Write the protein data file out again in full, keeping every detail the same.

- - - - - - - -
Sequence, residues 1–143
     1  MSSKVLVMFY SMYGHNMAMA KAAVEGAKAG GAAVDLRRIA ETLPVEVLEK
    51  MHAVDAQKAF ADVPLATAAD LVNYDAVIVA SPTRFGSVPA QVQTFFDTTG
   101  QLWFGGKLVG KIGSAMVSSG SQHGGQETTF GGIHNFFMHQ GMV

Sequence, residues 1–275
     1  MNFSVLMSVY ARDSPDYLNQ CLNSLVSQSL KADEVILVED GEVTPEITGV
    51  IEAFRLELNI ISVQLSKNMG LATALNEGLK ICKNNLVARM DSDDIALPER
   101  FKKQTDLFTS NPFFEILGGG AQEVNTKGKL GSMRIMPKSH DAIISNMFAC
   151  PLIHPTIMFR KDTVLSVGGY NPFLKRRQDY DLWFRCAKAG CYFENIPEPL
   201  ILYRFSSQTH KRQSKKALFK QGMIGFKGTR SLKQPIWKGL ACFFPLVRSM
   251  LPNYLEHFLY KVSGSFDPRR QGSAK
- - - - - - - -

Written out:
Sequence, residues 1–143
     1  MSSKVLVMFY SMYGHNMAMA KAAVEGAKAG GAAVDLRRIA ETLPVEVLEK
    51  MHAVDAQKAF ADVPLATAAD LVNYDAVIVA SPTRFGSVPA QVQTFFDTTG
   101  QLWFGGKLVG KIGSAMVSSG SQHGGQETTF GGIHNFFMHQ GMV

Sequence, residues 1–275
     1  MNFSVLMSVY ARDSPDYLNQ CLNSLVSQSL KADEVILVED GEVTPEITGV
    51  IEAFRLELNI ISVQLSKNMG LATALNEGLK ICKNNLVARM DSDDIALPER
   101  FKKQTDLFTS NPFFEILGGG AQEVNTKGKL GSMRIMPKSH DAIISNMFAC
   151  PLIHPTIMFR KDTVLSVGGY NPFLKRRQDY DLWFRCAKAG CYFENIPEPL
   201  ILYRFSSQTH KRQSKKALFK QGMIGFKGTR SLKQPIWKGL ACFFPLVRSM
   251  LPNYLEHFLY KVSGSFDPRR QGSAK